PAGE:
Black At Roche: Enhancing Diversity Brings Innovation to Healthcare
Photo Credit: Roche
Like many areas of our society, inequalities in healthcare leave the Black community with the short end of the stick, from Black women being three times as likely to die during childbirth, to an ongoing pandemic that has disproportionately affects people of color.
As a leader in science and technology, Roche has used its role as a global healthcare company to focus on improving health outcomes, including in vulnerable communities across the globe. Roche has responded to the COVID-19 pandemic through innovations in diagnostics and partnerships across the industry, to help control the outbreak.
Roche and Genentech, which is a member of the Roche Group, also strive for an inclusive workplace by committing to hiring and supporting diverse tech talent. By embracing diversity, Roche understands that every discussion and decision can be enriched.
We spoke to Roche and Genentech employees on the value of diversity in their workplace.
“My interest in drug discovery and development drew me to this role,” said Adeyemi (Yemi) Adedeji, Senior Scientist-Pathologist who joined Genentech four years ago. “My company has fully embraced diversity and inclusion to foster belonging and advance inclusive research and I believe this is a strong draw for Black professionals.”
Calvin Daniels, Customer Marketing Director for Roche Diabetes Care, said that while diversity and inclusion continue to be an opportunity area for Roche, the company is making efforts to address it. “The most significant advantage of working at Roche, is my ability to be my whole self – unapologetically,” Calvin said. “Performance speaks for itself, which does volumes for diversity and inclusion, putting everyone on an equal playing field.”
How has Roche and Genentech placed diversity and inclusion at the forefront?
“Genentech has a Chief Diversity Office regarded as an integral part of the business,” Yemi said. “As such, we have diversity, equity and inclusion efforts at every level. We’re focused on advancing the inclusion of underrepresented groups in research, development and care delivery to enrich scientific insights, achieve health equity and ensure access for all. I believe Genentech’s proactive role is helping to recruit professionals of diverse backgrounds.”
Yet, advancing diversity, equity and inclusion requires broad societal transformation. “To see the kind of progress we want to see requires commitment and collaboration both within and beyond our walls,” Yemi said. “That’s why we’re cultivating healthcare and education partnerships within our local communities.
At Roche, a larger, diverse pool to recruit from provides greater opportunities to recruit the best and brightest talent, Calvin said. “Given that many diverse groups are systematically disenfranchised, I believe that diversifying the talent pool is doing a greater good for combating some horrible truths within our society.”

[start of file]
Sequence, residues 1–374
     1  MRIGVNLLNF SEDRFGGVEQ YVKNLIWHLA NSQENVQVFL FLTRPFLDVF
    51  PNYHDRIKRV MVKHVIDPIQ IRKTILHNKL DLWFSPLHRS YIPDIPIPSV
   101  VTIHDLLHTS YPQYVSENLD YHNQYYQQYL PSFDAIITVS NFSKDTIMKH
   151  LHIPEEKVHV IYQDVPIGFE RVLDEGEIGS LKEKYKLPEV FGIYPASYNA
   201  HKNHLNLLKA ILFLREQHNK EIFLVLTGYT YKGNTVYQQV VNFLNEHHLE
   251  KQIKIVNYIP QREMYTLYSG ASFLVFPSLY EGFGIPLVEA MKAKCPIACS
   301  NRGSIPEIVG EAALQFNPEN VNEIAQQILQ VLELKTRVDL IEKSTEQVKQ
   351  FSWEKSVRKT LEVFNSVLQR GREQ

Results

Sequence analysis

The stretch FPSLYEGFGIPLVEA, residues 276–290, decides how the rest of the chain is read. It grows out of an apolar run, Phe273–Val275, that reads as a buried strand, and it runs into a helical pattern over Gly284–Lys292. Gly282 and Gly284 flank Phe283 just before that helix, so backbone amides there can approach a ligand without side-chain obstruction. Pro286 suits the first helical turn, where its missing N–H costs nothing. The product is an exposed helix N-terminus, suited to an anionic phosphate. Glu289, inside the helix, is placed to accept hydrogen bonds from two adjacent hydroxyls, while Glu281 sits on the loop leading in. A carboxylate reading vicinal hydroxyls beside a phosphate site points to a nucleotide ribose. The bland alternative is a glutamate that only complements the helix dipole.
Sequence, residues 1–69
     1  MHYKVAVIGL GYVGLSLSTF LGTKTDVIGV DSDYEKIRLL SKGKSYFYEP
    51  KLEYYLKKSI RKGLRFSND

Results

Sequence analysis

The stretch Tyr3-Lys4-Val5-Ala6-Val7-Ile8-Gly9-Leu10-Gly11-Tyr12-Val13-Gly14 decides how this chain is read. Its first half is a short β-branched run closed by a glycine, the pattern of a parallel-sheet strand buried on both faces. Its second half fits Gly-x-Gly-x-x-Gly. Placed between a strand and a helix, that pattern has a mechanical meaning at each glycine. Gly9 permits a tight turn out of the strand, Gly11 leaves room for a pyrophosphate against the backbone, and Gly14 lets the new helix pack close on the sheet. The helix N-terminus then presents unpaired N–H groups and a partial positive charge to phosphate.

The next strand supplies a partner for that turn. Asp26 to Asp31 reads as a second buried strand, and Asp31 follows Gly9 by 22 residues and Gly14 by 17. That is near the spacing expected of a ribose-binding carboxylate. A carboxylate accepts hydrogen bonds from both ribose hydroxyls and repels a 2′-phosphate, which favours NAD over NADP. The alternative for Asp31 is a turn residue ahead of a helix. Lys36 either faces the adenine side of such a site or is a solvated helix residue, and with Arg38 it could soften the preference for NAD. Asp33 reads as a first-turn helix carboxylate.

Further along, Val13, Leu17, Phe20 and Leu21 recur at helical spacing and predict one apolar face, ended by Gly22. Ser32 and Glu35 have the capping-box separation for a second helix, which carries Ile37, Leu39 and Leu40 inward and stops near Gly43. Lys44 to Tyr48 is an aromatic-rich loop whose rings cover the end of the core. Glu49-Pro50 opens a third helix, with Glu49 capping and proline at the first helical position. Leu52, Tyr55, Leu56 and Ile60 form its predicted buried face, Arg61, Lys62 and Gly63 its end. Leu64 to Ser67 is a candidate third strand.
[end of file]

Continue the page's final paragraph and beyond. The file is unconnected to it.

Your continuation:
Having a bright, diverse talent pool is critically important in addressing global health challenges. What role has Roche played in the COVID-19 pandemic and patient outcomes?
“Roche’s involvement in this pandemic has been spectacular,” Yemi said. Roche was the first company to receive emergency use authorization from the U.S. Food and Drug Administration for a high throughput commercial test for SARS-CoV-2 for coronavirus testing. Roche has developed a growing number of diagnostic solutions that help to detect and diagnose the infection in patients, as well as providing digital support to healthcare systems, and we continue to identify, develop and support potential therapies which can play a role in treating the disease. As we learn from the pandemic, the company is partnering with governments and others to make healthcare stronger and more sustainable in the future.
On the pharmaceutical side, a study found that a Roche arthritis drug met its primary endpoint, showing that patients with COVID-19 associated pneumonia who received the drug plus standard of care were less likely to progress to mechanical ventilation or death compared to patients who received placebo plus standard of care.
How is Roche prioritizing a diverse make-up with trial studies and why is this important for the community?
“Roche is highly committed to making medicines available to underrepresented populations, and our study on the efficacy of the arthritis drug in COVID-19 patients further supports this premise,” Yemi said. “More importantly, the study is the first global, Phase III COVID-19 clinical trial to primarily enroll patient populations that are often underrepresented in clinical studies and have been disproportionately affected by the COVID-19 pandemic. Approximately 85 percent of the 389 patients were from minority racial and ethnic groups. The majority of patients were Hispanic, with a significant representation of Native American and Black populations. The trial was conducted in the United States, South Africa, Kenya, Brazil, Mexico and Peru. This is very important for the community, as conducting clinical trials in these populations helped ensure the effectiveness and safety of this medicine in these communities.”
Diversity, or a lack thereof, impacts all areas of life, which is why Roche and Genentech continue to push for it within healthcare and technology. As an industry leader, Roche is working to ensure that Black professionals have a seat at the table.
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This piece was brought to you in partnership with Roche.